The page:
Debtors owned a chain of convenience stores for which the Dills were the primary supplier of gasoline and gas station products. Aplt.App. 28. Due to the rising price of gas and a diminishing customer base, Debtors' stores began operating at a loss. Id. at 120. Eventually, Debtors became liable to the Dills for approximately $1.8 million. Id. at 28. In December 2008, Debtors executed mortgages in favor of the Dills on various tracts of real estate, including a house and farmlands. Id. at 28, 120. The Dills' mortgages, however, were subordinate to existing mortgages on the properties. Id. at 28.

On December 30, 2010, Debtors filed a proposed plan of reorganization. Id. at 17. Pursuant to the plan, the Dills would be paid approximately $15,000 as a secured creditor, but their remaining claim would be considered unsecured. Id. at 28. Under the plan, Debtors would retain possession and control of their property; the Dills would receive a monthly payment for five years, totaling about 1% of their unsecured claim. Id. at 29, 76.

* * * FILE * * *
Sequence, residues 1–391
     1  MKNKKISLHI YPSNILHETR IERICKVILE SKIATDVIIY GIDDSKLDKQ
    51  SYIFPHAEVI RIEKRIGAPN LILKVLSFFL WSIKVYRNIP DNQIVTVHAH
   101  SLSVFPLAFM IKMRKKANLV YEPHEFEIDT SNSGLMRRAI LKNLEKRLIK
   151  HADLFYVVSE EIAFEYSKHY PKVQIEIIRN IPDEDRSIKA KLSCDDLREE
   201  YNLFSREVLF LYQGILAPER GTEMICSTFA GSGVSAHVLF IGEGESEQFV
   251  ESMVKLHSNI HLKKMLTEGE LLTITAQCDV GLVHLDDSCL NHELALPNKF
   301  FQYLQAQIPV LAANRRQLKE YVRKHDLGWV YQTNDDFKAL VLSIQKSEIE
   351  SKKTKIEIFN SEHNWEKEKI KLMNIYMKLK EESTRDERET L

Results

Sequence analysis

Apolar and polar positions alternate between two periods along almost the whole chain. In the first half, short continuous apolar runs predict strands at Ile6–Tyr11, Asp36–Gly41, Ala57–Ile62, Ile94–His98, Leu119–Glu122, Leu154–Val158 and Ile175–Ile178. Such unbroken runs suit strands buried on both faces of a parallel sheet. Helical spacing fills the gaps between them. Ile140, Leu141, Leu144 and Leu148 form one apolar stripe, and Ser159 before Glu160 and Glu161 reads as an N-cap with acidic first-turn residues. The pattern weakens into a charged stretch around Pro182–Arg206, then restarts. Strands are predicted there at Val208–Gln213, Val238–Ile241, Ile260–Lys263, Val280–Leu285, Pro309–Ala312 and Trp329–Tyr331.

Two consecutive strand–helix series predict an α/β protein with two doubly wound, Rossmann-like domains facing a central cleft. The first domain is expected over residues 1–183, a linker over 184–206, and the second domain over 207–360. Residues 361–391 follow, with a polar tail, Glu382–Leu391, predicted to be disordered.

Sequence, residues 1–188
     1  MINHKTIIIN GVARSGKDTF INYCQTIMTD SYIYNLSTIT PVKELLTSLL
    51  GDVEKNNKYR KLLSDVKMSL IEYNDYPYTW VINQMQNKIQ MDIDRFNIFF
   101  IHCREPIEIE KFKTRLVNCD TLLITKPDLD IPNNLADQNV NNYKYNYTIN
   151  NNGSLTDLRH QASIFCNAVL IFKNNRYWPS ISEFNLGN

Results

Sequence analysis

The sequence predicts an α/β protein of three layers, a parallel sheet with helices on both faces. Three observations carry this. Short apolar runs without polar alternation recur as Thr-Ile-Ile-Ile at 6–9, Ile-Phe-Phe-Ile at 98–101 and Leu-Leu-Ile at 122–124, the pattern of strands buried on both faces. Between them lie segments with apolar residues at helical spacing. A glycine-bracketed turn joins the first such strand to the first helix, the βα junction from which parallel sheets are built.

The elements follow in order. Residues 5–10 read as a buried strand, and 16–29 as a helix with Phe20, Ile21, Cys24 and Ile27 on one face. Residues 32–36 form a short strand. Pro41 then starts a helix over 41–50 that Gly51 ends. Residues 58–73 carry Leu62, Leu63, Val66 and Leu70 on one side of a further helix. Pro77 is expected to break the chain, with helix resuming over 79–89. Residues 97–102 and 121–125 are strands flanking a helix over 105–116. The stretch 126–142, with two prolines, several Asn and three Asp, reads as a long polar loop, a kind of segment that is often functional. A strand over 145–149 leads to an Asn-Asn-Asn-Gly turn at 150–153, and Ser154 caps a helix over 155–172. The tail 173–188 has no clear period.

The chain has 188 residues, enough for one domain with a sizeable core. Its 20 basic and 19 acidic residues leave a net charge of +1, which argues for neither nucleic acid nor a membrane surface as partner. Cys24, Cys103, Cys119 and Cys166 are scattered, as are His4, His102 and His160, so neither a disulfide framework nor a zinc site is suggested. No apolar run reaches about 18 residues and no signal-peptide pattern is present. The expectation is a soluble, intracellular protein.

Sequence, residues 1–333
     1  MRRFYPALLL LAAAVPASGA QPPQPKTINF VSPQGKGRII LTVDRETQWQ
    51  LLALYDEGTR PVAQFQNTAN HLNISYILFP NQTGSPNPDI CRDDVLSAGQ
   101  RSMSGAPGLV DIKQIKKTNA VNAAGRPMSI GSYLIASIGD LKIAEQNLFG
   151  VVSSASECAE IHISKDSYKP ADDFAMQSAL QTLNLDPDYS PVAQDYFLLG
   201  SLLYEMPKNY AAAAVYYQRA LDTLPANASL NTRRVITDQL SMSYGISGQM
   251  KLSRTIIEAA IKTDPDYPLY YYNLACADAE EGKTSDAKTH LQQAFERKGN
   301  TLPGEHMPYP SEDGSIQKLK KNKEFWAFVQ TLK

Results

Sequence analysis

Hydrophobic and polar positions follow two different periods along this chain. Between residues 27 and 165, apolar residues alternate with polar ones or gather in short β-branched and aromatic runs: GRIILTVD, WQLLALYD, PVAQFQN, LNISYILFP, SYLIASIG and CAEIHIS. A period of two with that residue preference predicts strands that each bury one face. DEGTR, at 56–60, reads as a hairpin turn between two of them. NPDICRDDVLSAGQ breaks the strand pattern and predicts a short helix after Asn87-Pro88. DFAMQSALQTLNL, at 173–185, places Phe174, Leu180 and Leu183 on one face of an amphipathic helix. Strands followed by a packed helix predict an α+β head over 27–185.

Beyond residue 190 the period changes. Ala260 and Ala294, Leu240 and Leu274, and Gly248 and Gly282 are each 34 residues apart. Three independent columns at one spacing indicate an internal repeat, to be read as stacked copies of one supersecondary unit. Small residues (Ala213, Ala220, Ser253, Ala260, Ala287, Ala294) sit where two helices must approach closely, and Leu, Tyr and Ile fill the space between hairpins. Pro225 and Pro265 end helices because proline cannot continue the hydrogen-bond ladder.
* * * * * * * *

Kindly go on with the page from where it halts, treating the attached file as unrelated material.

The Dills subsequently filed an objection to Debtors' proposed plan. Id. at 29, 97, 198. Because their vote constituted approximately 96% of Class 8's claims, the Dills' rejection precluded approval of the plan under § 1129(a). Id. at 102, 132.

On May 20, 2011, the bankruptcy court entered an order confirming the plan under § 1129(b)'s “cram down” mechanism. Id. at 17, 29. The Dills argued that the plan was unconfirmable because it violated the APR. Id. at 29. The bankruptcy court rejected this contention, holding instead that the plain language of the Bankruptcy Abuse Prevention and Consumer Protection Act (“BAPCPA”) abrogated the APR as to individual Chapter 11 debtors. Id. at 21–22.

The Dills timely filed a notice of appeal on June 1, 2011, seeking reversal of the confirmation order. Id. at 25, 32. The Dills proceeded to the bankruptcy appellate panel (“BAP”), which sua sponte issued a certification of final order for direct appeal to this court based on its determination that the case presents a question of public importance for which there is no controlling law. Id. at 25. We granted permission to appeal. Id. at 15.